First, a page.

As heavy snow fell that night on a closed highway in rural Colorado, the young basketball coach never questioned why he put himself in such a predicament.
But there he was: sleeping in his car, or at least attempting to, after an avalanche covered the roadway between his location and the recruit he planned to meet in suburban Denver.
Jamie Dixon chose to wait out the storm that night in 1995 rather than return to Northern Arizona, where he served as an assistant to then-coach Ben Howland.
“I was more than halfway there, so I figured I’d just keep going,” said Dixon, who grossly underestimated the driving distance from his school’s campus in Flagstaff, Ariz., to the fertile recruiting territory of Denver. “We were struggling. I knew we needed better players. The game wasn’t until the next night. So I slept in the car, got out the next day and got there in time.”
Dixon acknowledged he slept very little while bundled beneath blankets in his car until the road reopened. But the defining part of that journey is what happened next: Dixon finished two-for-two in landing players he visited in Denver, including guard Billy Hix, who became a four-year starter.
“It was well worth the trip,” Dixon said, smiling at the memory.
The next order of business for Dixon is making his recent relocation to TCU, where he was a standout player on two Southwest Conference championship teams in the 1980s, a journey that proves “worth the trip” for all involved parties. The first step occurs Friday at 6 p.m., when Dixon makes his coaching debut at his alma mater against the University of St. Thomas in Schollmaier Arena.
Dixon, 51, posted a 328-123 record in 13 seasons at Pittsburgh before accepting the TCU job in March. While at Pitt, Dixon’s teams earned 11 NCAA Tournament appearances and Dixon was honored as the national coach of the year by four organizations for his work during seasons that ended in 2011, 2010 and 2009. Based on tax documents obtained by the Pittsburgh Post-Gazette, Dixon received a compensation package of $3.2 million in 2014, including a $1.4 million base salary.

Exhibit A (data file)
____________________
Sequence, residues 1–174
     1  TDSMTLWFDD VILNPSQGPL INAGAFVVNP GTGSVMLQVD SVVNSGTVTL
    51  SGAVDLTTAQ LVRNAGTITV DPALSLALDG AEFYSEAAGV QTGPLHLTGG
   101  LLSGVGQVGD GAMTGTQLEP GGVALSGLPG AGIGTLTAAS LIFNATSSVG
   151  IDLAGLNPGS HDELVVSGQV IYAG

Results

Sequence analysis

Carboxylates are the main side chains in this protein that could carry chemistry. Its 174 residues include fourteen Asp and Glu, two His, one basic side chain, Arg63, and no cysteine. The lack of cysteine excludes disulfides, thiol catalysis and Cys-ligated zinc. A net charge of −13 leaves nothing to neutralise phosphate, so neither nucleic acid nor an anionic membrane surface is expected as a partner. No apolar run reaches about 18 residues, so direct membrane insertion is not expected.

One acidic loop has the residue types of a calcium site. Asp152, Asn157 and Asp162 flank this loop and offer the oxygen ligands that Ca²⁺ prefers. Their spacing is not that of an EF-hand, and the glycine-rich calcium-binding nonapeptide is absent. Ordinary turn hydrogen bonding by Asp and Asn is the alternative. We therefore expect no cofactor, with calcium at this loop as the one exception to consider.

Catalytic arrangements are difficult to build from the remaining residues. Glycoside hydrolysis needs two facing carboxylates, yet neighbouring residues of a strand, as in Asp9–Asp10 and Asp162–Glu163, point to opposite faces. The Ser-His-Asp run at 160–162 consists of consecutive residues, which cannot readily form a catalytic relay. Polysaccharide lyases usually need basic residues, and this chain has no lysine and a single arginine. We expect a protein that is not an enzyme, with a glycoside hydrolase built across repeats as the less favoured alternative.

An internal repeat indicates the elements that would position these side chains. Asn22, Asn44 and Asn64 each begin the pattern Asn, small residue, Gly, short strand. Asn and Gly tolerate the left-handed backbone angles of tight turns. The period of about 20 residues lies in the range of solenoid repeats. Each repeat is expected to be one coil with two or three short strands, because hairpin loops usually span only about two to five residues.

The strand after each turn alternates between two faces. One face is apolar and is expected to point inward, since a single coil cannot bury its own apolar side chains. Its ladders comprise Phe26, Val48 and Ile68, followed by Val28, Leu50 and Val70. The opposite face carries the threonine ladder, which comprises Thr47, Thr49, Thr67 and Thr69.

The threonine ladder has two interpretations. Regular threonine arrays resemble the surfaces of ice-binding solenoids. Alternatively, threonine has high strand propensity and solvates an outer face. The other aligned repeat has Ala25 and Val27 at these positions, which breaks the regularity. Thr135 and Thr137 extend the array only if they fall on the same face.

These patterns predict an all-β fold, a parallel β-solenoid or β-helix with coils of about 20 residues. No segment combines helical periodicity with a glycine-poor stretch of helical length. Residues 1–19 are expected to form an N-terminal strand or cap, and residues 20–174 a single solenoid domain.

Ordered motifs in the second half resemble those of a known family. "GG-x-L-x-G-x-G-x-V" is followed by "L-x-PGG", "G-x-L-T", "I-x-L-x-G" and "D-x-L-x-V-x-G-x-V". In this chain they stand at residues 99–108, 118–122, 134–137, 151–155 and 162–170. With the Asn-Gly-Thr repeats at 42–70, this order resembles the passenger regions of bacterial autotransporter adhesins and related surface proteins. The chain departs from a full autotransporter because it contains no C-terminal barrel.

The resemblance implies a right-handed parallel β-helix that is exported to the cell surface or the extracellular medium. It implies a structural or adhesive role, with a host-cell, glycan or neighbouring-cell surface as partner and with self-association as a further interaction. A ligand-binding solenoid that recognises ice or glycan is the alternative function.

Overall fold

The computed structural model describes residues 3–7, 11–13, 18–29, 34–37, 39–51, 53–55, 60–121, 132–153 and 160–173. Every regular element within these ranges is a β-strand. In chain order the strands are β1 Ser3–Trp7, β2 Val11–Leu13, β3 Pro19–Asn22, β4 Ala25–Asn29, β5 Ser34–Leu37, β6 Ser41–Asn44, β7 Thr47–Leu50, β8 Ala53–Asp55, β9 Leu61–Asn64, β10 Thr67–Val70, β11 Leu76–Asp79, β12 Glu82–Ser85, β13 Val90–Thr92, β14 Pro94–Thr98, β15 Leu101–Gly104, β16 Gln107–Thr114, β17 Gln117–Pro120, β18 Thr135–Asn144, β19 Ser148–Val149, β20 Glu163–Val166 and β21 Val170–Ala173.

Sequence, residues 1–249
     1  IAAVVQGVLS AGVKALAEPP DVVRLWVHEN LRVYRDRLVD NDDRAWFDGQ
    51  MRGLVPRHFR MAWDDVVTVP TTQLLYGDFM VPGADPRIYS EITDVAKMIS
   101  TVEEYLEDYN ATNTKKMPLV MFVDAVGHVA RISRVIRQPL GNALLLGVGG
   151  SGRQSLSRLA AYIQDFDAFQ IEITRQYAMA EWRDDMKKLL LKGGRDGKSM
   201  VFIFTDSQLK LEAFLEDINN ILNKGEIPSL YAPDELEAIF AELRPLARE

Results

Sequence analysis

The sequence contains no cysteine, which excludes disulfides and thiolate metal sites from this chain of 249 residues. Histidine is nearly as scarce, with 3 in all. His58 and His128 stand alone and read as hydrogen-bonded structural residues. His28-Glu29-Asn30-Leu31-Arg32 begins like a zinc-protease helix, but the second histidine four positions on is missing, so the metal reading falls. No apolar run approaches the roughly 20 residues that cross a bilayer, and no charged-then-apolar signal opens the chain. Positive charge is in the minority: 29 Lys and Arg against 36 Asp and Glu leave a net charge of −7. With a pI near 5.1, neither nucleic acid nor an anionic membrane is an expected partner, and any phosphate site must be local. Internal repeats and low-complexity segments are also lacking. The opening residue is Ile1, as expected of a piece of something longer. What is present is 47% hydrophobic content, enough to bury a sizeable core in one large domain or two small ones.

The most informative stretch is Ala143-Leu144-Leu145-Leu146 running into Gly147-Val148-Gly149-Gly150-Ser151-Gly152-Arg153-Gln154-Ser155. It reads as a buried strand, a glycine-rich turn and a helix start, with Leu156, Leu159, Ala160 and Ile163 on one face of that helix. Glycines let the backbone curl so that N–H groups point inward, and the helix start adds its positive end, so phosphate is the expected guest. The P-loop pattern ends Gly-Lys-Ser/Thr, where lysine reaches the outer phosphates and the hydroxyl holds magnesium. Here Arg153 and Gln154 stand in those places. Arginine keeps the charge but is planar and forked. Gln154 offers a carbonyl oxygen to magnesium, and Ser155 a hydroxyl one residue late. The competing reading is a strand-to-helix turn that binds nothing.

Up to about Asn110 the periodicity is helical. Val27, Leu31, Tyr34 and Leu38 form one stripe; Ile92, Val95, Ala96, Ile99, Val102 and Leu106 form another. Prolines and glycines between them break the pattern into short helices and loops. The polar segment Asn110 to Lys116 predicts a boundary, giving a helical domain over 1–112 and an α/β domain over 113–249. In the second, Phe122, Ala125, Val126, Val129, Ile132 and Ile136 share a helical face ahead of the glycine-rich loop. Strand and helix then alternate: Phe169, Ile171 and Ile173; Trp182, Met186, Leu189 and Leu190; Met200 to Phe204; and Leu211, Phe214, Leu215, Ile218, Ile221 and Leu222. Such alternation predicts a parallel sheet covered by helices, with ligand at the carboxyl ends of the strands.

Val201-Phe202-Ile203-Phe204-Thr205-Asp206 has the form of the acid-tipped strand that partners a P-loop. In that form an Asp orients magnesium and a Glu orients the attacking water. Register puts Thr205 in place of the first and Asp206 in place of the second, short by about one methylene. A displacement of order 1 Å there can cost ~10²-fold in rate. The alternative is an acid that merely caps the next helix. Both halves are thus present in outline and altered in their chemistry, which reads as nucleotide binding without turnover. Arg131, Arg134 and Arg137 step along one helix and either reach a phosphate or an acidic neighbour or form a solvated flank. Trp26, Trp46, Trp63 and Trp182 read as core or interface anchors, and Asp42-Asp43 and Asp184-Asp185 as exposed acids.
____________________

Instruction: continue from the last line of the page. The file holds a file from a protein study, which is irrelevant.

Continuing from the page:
But he left that behind to rebuild the program at TCU, which finished 12-21 last season and has a combined mark of 8-64 in conference play as a Big 12 member. TCU has not released a salary figure on its latest hire, but it is clear school officials view Dixon as the final piece in upgrading their men’s basketball program to a Big 12 level after spending $72 million to revamp Schollmaier Arena.
“He’s going to do a lot of good at TCU,” said Kansas coach Bill Self, whose team will be seeking a 13th consecutive league title this season. “It’s just a matter of time. He’s already upgraded the talent level.”
What Dixon plans to upgrade next is the level of expectations at a program that posted its last NCAA Tournament win in 1987, when Dixon was a player. He envisions building a program that makes the NCAA field in most seasons and will borrow a blueprint from yesteryear in making that a reality.